Score: 7.0 – XBox Live Arcade – 800 Microsoft Points ($10.00)
If you’ve been following weekly XBLA announcements on XBox Community Manager Major Nelson’s site you’d know that on a weekly basis he has been plagued by requests for when Bubble Bobble would come to XBox Live Arcade since the game’s announcement. The anticipation was palpable for the re-release of the classic 1986 NES game where two little dinosaurs Bub and Bob jumped through levels catching their enemies in bubbles and popping them all while eating fruit and bubblegum. In addition to updated graphics, Bubble Bobble Neo also came with new play styles, new dinosaurs and four player multiplayer for the first time.
Like many, I first encountered this game during its original NES iteration and the game still manages to hold up in terms of gameplay. The original 100 levels come back and play just as well as they originally did including the powerup bubblegum (which makes the dinos blow bubbles faster) and special bubbles. The enemies AI hasn’t changed either as strategies etched in players’ minds from twenty years ago still work to a T in order to capture enemies in a series of bubbles and trying to pop as many as possible for extra fruit bonuses. Yes, even with the bubblegum, the real points come from eating fruit. These are valuable life lessons here.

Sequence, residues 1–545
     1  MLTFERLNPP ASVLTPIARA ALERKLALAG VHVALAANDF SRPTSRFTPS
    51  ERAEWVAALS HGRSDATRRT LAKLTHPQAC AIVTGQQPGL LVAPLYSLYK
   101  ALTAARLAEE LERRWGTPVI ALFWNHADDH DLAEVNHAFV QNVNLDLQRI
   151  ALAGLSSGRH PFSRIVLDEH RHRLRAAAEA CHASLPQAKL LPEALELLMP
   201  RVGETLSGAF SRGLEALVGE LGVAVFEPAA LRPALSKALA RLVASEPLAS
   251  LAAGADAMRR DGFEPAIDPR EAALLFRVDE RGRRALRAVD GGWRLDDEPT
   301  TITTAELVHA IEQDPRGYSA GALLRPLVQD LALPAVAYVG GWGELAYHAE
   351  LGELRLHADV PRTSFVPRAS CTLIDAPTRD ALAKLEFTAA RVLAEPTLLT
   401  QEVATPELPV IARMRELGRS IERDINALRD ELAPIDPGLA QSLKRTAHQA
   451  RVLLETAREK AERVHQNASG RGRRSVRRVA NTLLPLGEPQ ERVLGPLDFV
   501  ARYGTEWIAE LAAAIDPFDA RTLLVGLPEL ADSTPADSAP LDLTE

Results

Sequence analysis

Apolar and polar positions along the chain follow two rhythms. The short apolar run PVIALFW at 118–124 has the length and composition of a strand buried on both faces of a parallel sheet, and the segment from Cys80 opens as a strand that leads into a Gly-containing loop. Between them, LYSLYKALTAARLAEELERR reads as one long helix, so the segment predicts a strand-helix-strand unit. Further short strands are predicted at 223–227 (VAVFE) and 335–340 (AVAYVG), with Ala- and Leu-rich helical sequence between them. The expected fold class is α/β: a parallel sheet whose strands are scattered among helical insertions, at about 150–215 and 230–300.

While the gameplay hasn’t changed, the graphics certainly have. Though they are not Shadow Complex good, they feel like what one would expect from an XBox Live Arcade Game. Bubble Bobble Neo graphically is on par with Teenage Mutant Ninja Turtles: Turtles in Time Re-Shelled but manages to keep the original game’s charm by not converting it to true 3D. Instead, there are just much higher-res graphics and sprites. Along with that, the game has received a revised soundtrack which more high quality versions of the game’s original music. Again, the original’s vibe has been kept intact while smoothing out the rough 8-bit sound effects.
New game modes have been added for the first time allowing four dinos to either cooperatively go through a new set of levels or go head to head in a score battle. Though not named, the magenta and yellow dinos fit in with Bub and Bob in a whole new dynamic as players use each other’s bubbles to traverse through higher areas in levels during co-op or busting other players’ captures in order to steal points during the competitive multiplayer.
The main flaw for Bubble Bobble Neo comes from the price. While it features updated graphics and music and additional game modes, any player from the Nintendo days is still going to feel like they are playing their classic game instead. And like most retro re-releases, the price tag feels like it should have stayed in the $5.00 range as opposed to the $10.00 that people have become accustomed to paying for new, original content.
Overall, Bubble Bobble Neo is a great release for XBLA. The revised graphics do justice to the game’s original vision while the gameplay is just as addictive as it originally was. While the price seems a bit high, it is a worthwhile by for anyone who doesn’t have their classic NES cartridge anymore or has never played the game before. And with the new additions of four player co-op and competitive gameplay, even the most seasoned Bubble Bobble player can find something new to keep them happy in this game as well.